St Cadoc’s Church, Aberpergwm

button-theme-evacSt Cadoc’s Church, Aberpergwm

aberpergwm_st_cadocs_churchThis church was once a private chapel for the Williams family. It contains panels of ancient stained glass from a German abbey.

The Williams family owned the Aberpergwm estate from the 16th century. This included Aberpergwm House (at the far end of Manor Drive), mentioned in 15th-century poetry.

The first church here was built in the 17th century. It was rebuilt and extended in the 19th century. There were separate porches, each side of the nave, for men and women (one now being the vestry). The Williams family were patrons of the church from 1861, giving them a say in the appointment of vicars. This arrangement continued until the Church in Wales was formed in 1920.

aberpergwm_church_window_detailsFour panels in the east window, showing monks kneeling, were painted in the 16th century for Steinfeld abbey, Germany. Stained glass was removed from the abbey in the upheaval of the Napoleonic wars. A German businessman living in England bought the glass and sold some to aristocrats, probably including the Williamses. Most is now in the Victoria and Albert Museum, London.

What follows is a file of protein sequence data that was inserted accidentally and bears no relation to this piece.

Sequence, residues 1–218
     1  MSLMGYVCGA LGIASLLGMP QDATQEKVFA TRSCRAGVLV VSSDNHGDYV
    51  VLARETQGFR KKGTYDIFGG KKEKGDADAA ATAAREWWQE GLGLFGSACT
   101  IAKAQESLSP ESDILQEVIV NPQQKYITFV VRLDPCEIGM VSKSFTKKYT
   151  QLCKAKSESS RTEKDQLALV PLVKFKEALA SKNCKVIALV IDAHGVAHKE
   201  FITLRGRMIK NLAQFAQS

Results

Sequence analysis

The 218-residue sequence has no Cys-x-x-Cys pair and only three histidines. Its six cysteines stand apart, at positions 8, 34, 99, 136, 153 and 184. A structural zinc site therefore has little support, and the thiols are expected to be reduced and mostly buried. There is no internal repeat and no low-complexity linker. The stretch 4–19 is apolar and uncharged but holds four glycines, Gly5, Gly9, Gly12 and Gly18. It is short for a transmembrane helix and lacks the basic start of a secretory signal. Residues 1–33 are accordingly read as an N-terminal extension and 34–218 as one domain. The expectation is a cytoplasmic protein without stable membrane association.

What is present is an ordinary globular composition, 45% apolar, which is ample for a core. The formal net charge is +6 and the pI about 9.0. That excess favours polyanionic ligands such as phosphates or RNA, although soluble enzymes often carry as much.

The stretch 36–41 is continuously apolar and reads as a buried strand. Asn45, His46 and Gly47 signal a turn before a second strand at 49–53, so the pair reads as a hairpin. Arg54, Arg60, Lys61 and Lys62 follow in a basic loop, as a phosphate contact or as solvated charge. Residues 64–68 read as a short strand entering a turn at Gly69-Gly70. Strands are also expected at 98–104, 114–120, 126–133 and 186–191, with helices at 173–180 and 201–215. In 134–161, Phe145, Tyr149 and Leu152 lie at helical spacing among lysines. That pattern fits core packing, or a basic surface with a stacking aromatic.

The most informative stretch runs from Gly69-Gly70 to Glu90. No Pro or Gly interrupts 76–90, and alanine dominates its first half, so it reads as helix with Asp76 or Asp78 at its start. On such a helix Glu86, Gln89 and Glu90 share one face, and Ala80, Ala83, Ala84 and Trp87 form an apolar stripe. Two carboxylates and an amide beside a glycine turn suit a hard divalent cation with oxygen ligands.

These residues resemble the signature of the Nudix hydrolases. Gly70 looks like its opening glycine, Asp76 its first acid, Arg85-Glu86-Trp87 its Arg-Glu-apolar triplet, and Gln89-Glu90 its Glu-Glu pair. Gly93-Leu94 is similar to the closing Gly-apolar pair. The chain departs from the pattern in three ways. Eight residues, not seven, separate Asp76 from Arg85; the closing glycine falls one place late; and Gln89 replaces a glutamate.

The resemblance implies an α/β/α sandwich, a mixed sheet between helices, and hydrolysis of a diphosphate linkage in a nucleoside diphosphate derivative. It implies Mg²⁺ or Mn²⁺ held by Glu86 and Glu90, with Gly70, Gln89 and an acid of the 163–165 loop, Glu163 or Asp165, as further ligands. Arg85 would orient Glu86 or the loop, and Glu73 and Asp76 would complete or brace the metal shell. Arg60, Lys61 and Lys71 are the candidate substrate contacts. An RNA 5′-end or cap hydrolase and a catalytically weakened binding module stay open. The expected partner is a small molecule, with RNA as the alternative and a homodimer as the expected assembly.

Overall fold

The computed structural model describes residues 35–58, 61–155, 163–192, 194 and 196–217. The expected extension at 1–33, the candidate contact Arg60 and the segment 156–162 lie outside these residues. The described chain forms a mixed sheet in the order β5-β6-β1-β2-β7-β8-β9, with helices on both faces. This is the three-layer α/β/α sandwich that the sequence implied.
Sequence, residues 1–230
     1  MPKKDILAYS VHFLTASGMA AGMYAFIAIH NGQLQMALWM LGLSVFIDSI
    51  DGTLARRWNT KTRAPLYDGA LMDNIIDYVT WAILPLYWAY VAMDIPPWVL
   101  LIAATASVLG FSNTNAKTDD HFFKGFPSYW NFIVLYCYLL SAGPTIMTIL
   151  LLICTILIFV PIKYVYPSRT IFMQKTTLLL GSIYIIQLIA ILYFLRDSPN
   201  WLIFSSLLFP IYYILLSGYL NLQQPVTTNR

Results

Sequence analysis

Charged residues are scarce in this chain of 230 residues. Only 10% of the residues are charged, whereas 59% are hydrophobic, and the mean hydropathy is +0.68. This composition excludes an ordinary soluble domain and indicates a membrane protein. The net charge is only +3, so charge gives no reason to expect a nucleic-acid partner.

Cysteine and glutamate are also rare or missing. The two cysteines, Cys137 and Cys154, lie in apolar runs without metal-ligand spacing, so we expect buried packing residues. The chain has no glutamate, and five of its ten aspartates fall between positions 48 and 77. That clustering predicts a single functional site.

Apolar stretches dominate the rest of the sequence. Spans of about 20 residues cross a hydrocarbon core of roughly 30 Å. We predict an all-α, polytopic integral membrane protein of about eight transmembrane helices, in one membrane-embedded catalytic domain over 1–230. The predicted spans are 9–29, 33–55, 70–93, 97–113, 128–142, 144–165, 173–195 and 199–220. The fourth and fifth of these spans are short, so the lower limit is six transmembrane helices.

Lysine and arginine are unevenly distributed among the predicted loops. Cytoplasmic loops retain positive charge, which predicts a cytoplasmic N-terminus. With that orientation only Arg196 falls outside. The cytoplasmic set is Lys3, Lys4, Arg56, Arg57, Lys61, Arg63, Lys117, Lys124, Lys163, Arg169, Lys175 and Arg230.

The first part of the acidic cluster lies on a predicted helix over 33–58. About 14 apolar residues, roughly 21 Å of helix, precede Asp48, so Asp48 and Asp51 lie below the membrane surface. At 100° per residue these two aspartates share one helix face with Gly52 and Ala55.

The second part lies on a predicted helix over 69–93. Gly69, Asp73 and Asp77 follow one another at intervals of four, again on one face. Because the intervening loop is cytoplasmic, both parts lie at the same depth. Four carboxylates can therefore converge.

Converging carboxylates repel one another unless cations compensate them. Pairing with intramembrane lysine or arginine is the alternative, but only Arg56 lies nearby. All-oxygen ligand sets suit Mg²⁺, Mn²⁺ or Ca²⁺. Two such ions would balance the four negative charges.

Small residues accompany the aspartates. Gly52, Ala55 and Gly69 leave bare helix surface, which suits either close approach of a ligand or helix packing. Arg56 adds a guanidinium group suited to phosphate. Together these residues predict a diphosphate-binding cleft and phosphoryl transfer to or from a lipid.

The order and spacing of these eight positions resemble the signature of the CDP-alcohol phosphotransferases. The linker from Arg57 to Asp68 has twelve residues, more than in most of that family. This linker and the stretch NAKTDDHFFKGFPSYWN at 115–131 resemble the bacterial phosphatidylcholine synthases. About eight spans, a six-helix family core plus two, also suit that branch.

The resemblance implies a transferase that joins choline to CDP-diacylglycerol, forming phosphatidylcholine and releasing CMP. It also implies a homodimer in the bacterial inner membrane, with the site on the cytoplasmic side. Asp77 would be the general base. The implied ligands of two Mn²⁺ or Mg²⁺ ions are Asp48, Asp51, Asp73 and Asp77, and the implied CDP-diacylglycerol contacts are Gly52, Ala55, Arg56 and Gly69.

In the churchyard is a monument to Jane Williams. She died in 1832 aged 22 – a year after marrying Thomas Williams. Known as the “wedding cake memorial”, it has lost its top section.

aberpergwm_church_window_detailInside the church you can see memorials to other family members, including Captain George Williams, who died in the Zulu war in 1879. Another tablet commemorates Captain Idris H Williams of the Royal Fusiliers. He died, aged 36, in 1915 from wounds received in Belgium and is buried in the churchyard. Also buried here is Royal Marine Robert Desmond Whitney, who died on active service in 1945 aged 24.

During the Second World War, Aberpergwm House was home to the East Anglian School for Deaf and Blind Children. The school’s premises near Great Yarmouth were vulnerable to enemy action and suffered bomb damage in 1941. One pupil, Edgar Petrie, later recalled that the boys explored the old house, including its secret passageways. The house became National Coal Board offices and eventually fell into ruin.

With thanks to Bethan Williams for the photos of the German glass and church interior

Postcode: SA11 5RG    View Location Map

Parish website